We put up our feeder for the first time in July. Close to the feeder, outside the apartment, were a tree that resembles a paper birch and a couple of redwoods, in which hummingbirds and chickadees take refuge. By checking the area underneath the feeder for seed husks and bird droppings, we guessed that no bird spent any significant amount of time at the feeder for the first two days. This appears to be natural, as the birds need some time to discover a new food source in their territory. It was from the paper birch, that our feeder got its first visitors.
On the third morning, a chestnut-backed chickadee perched on the Y-shaped wire from which the feeder hangs. This is a tiny bird that looks like most chickadees except for a generous coat of chestnut brown on its back and shoulders. The bird perched down, picked up a seed and quickly shot back to the birch tree. It had a companion. No sooner had the first bird completed its errand, than the second bird came forth and did the same. This alternating feeding pattern appears to go on for some time, and one wonders whether it is just the natural gregariousness of chickadees, or a way to ensure that one bird always keeps watch while the other feeds. On occasion, there would be one chickadee performing acrobatics on the feeder wire, while the other quickly pecked at a seed or two, it was rare to see two or more chickadees feeding simultaneously. At any rate, chickadees are among the cleanest feeders (unlike finches), as they seem to eat very little and thus shed very tiny droppings. They make a pleasant to-do while feeding, enjoying their own acrobatics, and this appears to attract other songbirds to the feeder.
During the second week, one of the chickadees enlisted a new companion for his trips from the birch to the feeder and back – an Oregon Junco. The two birds repeated the alternate feeding ritual. From then on, juncos have been regular visitors to the feeder. We have developed a special fondness for juncos, as it was a junco that prompted us to install the feeder in the first place. They make a faint “chip, chip chip” sound as they hop about the gazebo, or on the tarp below. They’re bigger than the chickadees, more conservatively attired in black and reddish brown feathers, and not as flighty as the little busybodies. They’re also not as confrontational as jays and finches. In fact, when the feeder is occupied by chickadees or finches, the juncos seem to be perfectly content to hop about on the tarp below, picking up un-eaten seeds that have fallen down along with the husk.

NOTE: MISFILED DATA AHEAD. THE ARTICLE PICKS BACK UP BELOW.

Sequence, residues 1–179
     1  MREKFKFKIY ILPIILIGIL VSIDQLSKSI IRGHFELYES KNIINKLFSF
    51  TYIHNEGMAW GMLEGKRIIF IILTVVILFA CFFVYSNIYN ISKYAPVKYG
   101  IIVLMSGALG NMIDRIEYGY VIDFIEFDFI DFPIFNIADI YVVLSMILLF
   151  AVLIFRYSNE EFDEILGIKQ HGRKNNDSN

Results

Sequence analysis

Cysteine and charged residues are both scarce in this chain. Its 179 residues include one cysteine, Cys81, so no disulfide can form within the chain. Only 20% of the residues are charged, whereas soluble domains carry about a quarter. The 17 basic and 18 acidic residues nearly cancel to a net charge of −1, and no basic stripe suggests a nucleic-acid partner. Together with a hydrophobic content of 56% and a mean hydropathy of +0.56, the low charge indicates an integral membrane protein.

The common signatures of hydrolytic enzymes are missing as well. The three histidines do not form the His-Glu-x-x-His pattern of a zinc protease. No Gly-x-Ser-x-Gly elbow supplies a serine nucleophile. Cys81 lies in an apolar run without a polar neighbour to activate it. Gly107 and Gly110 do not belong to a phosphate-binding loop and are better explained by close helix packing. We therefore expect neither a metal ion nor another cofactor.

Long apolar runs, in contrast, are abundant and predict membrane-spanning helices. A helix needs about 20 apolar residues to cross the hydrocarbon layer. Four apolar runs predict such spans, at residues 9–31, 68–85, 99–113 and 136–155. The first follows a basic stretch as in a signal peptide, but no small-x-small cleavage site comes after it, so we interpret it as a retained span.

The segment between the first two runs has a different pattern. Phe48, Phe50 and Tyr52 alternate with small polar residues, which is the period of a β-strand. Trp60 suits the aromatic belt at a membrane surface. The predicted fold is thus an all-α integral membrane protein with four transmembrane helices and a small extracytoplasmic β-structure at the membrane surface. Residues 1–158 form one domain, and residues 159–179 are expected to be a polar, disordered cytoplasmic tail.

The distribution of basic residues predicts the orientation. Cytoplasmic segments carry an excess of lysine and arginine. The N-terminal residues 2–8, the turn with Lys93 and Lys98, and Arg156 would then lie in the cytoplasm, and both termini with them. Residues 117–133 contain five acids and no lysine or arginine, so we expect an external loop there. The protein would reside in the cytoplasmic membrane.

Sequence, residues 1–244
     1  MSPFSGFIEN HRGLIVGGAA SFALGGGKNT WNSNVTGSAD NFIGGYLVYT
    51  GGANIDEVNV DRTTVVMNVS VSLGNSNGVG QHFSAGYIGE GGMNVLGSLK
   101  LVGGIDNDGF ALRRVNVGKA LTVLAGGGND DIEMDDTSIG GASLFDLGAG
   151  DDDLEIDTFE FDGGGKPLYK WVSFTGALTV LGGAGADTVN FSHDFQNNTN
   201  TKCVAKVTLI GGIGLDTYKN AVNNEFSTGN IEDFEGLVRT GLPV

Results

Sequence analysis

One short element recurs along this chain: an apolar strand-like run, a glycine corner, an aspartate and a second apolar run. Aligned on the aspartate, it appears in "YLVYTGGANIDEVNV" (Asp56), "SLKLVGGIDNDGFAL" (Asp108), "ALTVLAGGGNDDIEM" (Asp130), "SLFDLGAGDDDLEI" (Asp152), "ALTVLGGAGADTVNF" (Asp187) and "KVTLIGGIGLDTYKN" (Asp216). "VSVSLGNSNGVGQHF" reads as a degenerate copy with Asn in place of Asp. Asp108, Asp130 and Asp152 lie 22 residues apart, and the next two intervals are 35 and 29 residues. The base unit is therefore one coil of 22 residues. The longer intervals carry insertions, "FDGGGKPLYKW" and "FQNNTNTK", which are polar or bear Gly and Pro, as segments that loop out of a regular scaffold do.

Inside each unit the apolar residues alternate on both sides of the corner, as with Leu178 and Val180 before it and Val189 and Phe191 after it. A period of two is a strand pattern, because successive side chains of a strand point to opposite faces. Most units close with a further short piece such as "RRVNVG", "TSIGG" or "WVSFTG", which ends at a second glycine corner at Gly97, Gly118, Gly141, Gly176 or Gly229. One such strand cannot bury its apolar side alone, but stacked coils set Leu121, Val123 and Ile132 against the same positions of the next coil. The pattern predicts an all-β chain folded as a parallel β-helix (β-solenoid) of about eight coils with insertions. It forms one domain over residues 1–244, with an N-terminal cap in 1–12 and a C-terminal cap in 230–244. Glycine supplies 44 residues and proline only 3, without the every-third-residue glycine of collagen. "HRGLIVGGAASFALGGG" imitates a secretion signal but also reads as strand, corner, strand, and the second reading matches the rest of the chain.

The feeder’s most voracious and messy visitors – a group of house finches – discovered the feeder a few days after the chickadees. Most summer days, before driving to work, I would hear a couple of finches singing in the parking lot, and I hoped they would find the feeder soon. They generally come to the feeder in pairs, the male distinguished by his red head and chest feathers, and the female a drabber brown and beige. The first order of duty appears to be to shoo any and all smaller birds that may already be at the feeder. Then, they proceed to boss each other around, spending equal amounts of time devouring the seed and warning away other birds, including other finches. The males seem to be slightly more aggressive than the females, though this varies. One female in particular has a really weird pattern of eating. She enters the gazebo entirely — different from the others, who prefer to perch on the edge and peck at the seed that falls forth from a transparent plastic cylinder at its center — and spends a long time contemplatively chewing on the seed. I have often wondered whether this bird was ill, and unable to move, for she stayed in the feeder and remained so docile that even our non-confrontational juncos dared to approach the gazebo from the other side to sneak away a seed or two. The finches create quite a mess, both in terms of un-eaten seed that spills forth onto the tarp, and in the copious amounts of bird droppings. When I see the finches having their feeding frenzy, I feel grateful to the juncos that clean up below them on the tarp.
In the summer of 2014, the birds were quite voracious, and the cylinder of bird seed was emptied within a couple of weeks. We developed a routine of sorts; every couple of weeks, we replaced the birdseed and cleaned up the husks and droppings from the tarp below. This state of affairs, unfortunately, did not last very long, and the feeder had to be taken down and moved elsewhere, as it inconvenienced the neighbors in the apartment downstairs. This changed the patterns of avian activity at the feeder, and encouraged new species to pay us a visit, but that will have to wait for another post.